2 Comments:

Blogger Darwin said...

I suppose my impressions are stale, in that it's more than a decade since I've been a homeschooler, and we haven't really got far enough with our own kids yet to have sought out groups in earnest. But at least given the dynamic I used to be familiar with, it seems like the 1/3 figure might be a little deceptive. If I had to guess, probably half of the specifically Catholic homeschooling group my family belonged to (certainly my folks) would have given academics as their primary reason for homeschooling. And I can think of a few other specifically religious homeschooling groups where the figure would probably be more like 75-80%.

Still, it is definately the case the homeschooling as a movement is far less uniformly conservative and religious than many people imagine. (Perhaps part of the reason for the misapprehension is that in certain conservative religious circles, it seems like 80+ percent of families homeschool -- but as homeschoolers should know: just because most religious conservatives homeschool does not mean that most homeschoolers are religious conservatives.)

Seems like the moral is: Most journalists are idiots about most topics. Science, religious, homeschooling, academia, medicine, history, linguistics, whatever your field is. Chances are that unless the reporter happens to be personally familiar with your field, they'll make a hash of it.

12:23 PM  
Blogger The Opinionated Homeschooler said...

Darwin,

Thanks for the comments. I think your observations match the survey data, which showed 72% of hsers giving "religious or moral instruction" as one of their reasons for hsing. But I don’t get why that would make the less-than-a-third figure for “primary reason” misleading.

There are a couple of points to be made here. One is that, even with the broad description "religious OR MORAL instruction," over a quarter of hsers declined to indicate it as a reason at all--secondary, tertiary, whtever. It's just a non-issue for nearly 30% of hsers.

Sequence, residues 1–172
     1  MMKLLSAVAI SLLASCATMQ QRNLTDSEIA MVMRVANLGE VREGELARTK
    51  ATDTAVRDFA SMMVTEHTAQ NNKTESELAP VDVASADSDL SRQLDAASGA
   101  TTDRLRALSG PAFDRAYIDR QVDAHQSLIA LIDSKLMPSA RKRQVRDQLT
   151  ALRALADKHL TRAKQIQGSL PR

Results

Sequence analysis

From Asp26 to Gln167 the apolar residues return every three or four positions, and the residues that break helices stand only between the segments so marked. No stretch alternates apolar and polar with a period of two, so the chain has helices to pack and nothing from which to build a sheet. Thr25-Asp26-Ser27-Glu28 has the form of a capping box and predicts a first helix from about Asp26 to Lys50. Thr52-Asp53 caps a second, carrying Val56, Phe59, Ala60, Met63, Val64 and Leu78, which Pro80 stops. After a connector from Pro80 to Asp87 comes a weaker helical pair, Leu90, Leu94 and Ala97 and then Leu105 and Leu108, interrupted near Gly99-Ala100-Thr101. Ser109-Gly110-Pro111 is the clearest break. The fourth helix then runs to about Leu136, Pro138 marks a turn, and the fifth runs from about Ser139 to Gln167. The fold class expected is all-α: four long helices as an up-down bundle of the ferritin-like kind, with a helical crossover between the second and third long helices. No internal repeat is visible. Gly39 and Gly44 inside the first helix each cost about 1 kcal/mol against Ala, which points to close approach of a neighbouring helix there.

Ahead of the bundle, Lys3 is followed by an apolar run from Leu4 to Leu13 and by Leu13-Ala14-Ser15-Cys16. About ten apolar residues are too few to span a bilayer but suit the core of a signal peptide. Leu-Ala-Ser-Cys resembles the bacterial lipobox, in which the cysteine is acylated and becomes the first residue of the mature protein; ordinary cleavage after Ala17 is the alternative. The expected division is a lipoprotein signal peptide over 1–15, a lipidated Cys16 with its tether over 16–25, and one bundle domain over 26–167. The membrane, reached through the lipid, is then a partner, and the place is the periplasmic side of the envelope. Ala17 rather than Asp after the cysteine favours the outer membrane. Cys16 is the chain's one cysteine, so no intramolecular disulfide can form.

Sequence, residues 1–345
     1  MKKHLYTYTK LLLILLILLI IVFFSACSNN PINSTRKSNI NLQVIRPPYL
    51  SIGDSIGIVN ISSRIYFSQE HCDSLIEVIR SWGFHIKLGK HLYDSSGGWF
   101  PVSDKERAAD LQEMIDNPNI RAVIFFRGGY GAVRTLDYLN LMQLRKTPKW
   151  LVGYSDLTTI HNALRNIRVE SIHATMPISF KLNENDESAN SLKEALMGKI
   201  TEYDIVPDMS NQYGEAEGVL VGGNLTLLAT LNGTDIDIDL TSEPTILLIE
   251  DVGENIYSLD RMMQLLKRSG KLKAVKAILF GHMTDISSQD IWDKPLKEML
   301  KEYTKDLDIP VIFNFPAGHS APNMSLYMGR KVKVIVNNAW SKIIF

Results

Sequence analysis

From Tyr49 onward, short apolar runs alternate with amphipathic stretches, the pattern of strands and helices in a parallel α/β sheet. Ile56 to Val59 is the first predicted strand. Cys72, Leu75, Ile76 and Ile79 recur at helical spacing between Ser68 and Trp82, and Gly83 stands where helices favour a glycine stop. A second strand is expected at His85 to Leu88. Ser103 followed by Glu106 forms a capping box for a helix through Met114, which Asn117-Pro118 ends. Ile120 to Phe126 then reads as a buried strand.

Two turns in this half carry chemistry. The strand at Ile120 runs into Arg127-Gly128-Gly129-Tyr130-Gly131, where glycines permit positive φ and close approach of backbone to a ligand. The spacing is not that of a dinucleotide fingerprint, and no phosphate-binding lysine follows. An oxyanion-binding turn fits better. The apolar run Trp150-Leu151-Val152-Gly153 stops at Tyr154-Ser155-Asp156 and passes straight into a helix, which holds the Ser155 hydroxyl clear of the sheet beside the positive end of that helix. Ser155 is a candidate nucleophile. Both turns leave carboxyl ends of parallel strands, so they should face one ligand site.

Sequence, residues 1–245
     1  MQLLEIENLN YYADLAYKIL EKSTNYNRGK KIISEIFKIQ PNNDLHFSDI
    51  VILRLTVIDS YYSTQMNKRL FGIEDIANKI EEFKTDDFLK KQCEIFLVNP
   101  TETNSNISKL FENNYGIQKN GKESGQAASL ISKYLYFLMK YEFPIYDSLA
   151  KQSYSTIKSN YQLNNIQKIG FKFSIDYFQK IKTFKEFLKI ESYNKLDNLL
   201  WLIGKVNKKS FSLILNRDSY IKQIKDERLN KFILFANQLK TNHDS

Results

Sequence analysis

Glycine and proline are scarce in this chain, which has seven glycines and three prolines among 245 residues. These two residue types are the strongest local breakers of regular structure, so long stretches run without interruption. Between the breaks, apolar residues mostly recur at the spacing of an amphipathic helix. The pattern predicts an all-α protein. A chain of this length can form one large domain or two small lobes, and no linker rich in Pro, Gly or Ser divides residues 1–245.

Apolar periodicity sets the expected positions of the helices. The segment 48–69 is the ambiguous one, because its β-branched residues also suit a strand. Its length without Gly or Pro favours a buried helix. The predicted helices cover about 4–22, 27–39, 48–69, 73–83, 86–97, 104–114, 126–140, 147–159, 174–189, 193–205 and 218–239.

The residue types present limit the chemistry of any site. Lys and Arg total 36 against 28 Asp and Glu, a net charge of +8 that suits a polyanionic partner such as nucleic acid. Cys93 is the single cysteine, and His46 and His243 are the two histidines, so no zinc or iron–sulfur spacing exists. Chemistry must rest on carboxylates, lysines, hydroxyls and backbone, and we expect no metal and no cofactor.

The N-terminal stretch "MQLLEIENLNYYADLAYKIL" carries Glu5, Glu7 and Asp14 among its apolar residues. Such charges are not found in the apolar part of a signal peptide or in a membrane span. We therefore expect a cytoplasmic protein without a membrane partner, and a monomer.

Another point is that reasons tend to expand as you homeschool. Our initial, and still primary, reasons for hsing are academic; but having found religious instruction to be easier and more meaningful as a hser, I'd probably list it as one of my reasons on a survey. But when someone asks me if I homeschool for religious reasons, I say "no" because it's not a *sufficient* reason for hsing.

Third, and related, the question about reasons for hsing is always incomplete. The complete question would be "Why do you homeschool INSTEAD OF (x)." If you're a Catholic or Jewish hser, for example, you may ordinarily think of the question as "Why do you homeschool instead of enrolling your children in the parochial school/day school?" While evangelical Christians and media people always seem to think of the question as "Why do you homeschool instead of using the public school?" Those answering the former question are unlikely to think of themselves as hsing for "religious reasons" (academics, finances, and special needs are the usual responses), since the only alternatives they're realistically considering are also religious, while those answering the latter question are more likely to be looking at the religious/secular divide.

Anyway this is a long way of saying that, yes, many hsers may be actively religious (as are a majority of Americans, I believe), but that their religious beliefs are too incidental to make "homeschooler" a synonym for "conservative Christian" (ignoring the growing ranks of Jewish, Hindu, and neo-pagan hsers). If members of a specifically Catholic (using your example) support group say they're not hsing primarily for religious reasons, why not take them at their word, and assume that "homeschooler" is the interesting category rather than "Catholic"? Hsing is more popular in "alternative & weird" Austin than in (say) El Paso, and we even have a support group called "Austin Area Homeschoolers": but it would be strange to take those facts as evidence that when someone criticizes homeschoolers in Texas, they're *really* targeting Austinites.

10:06 AM